Lotharingia then had been much more than later Lorraine. It was stretched out over the major parts of nowadays Belgium to the west bank of Lower Rhine including Aachen. It was divided into Lower Lotharingia (Rhine and Meuse areas) and Upper Lotharingia (Moselle areas) in 959.
Source: KINDER/HILGEMANN: "dtv-Atlas zur Weltgeschichte, vol. 1", Bielefeld 1964, p.125
Klaus-Michael Schneider, 25 October 2009

Some historical Information about early Alsace
Frühe Elsaß

     About early Alsace I found very little information, especially about the counties of Upper and Lower Alsace. After the dissolution of the Duchy of Alamannia in the 7th century, there existed a Duchy of Alsace under the Etichons up to the middle of the 8th century. Afterwards it was split into numerous small territories.
     French King Louis XIV, making his policy of "reunion", annexed the complete Alsace area and gained Strassburg in 1681. The people of Alsace kept a privileged status of religion and customs. French tolerance caused freedom of protestant religion and prosperity during the following years.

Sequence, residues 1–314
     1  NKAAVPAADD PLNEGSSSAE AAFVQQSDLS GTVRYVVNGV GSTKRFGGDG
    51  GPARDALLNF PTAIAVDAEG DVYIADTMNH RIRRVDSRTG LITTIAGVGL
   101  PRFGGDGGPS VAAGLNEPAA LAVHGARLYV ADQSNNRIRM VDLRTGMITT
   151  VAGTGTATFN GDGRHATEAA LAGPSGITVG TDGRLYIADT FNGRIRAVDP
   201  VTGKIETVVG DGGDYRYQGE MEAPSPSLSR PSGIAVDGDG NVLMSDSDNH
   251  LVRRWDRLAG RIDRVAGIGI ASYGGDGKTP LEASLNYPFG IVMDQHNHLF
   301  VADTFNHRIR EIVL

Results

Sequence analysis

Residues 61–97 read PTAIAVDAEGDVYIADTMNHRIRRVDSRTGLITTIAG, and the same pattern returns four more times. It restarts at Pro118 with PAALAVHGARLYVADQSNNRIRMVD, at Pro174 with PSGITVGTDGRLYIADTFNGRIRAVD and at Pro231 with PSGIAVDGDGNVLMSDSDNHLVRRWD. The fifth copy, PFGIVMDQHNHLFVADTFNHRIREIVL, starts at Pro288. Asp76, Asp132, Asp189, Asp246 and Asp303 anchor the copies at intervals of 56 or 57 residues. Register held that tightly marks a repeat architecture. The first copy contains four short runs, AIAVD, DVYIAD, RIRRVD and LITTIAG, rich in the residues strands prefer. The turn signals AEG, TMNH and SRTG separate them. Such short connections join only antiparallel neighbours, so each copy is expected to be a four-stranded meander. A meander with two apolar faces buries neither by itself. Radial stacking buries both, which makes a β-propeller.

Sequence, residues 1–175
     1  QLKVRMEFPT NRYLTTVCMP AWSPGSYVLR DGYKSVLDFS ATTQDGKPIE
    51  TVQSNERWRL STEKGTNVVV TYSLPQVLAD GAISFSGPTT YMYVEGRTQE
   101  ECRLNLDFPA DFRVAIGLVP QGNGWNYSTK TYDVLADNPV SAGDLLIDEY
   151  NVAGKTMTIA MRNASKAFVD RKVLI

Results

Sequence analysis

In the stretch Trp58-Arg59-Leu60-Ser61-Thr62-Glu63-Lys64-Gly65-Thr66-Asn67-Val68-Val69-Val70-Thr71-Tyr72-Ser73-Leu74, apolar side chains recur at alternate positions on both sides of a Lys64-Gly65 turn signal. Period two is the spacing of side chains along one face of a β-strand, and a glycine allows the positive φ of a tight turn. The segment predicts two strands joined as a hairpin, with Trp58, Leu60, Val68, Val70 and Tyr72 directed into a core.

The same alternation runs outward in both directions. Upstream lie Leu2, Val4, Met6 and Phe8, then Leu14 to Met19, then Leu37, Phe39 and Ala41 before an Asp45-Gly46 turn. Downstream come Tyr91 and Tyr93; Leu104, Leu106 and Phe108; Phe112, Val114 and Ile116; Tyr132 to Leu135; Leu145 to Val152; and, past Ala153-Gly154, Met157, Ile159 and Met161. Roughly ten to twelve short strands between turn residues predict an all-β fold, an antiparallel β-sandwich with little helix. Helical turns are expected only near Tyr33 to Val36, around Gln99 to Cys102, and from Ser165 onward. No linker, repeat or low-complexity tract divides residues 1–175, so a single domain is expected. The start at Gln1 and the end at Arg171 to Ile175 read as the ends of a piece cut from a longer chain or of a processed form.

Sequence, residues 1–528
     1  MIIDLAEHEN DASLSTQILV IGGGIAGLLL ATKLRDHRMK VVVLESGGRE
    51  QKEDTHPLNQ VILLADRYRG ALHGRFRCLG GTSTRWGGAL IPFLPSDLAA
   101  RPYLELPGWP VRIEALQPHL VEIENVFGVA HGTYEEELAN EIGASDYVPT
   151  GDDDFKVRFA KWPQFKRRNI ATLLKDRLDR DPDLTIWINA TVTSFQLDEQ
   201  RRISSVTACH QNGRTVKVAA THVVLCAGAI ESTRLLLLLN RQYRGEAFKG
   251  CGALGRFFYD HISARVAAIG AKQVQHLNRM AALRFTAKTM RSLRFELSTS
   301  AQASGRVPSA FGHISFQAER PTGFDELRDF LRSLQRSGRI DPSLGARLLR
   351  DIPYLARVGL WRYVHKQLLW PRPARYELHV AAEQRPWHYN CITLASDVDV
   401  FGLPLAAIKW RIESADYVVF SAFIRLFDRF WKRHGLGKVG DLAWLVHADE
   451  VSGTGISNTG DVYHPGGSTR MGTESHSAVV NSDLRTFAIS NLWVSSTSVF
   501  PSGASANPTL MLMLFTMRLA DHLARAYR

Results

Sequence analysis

Klaus-Michael Schneider, 25 October 2009

The Imperial Province of Alsace-Lorraine
Reichsland Elsaß-Lothringen

     At the end of Franco-Prussian war in 1871 the new established German Empire annexed wide parts of former Alsace and the minor part of former region of Lorraine, depending on the boundaries between French and German language. The major part of Lorraine with Nancy (Nanzig) remained French, it was the same with southern parts of Alsace around Belfort. Metz, a German speaking exclave surrounded by French speaking areas, became German. It had formerly been a free imperial city (Freie Reichstadt) and had a strong fortress, two strong arguments for Germany to include this area.
     What to do with the new territory? There had been existed three plans, either to make it a Prussian Province like Schleswig-Holstein, which had been annexed in 1866; or to divide it between Bavaria (Lorraine and Lower Alsace), which had control over the Rhine Palatinate, and Baden (Upper Alsace); or to give it a completely new status. So the Imperial Province of Alsace-Lorraine was created, an entity under direct control of the German government.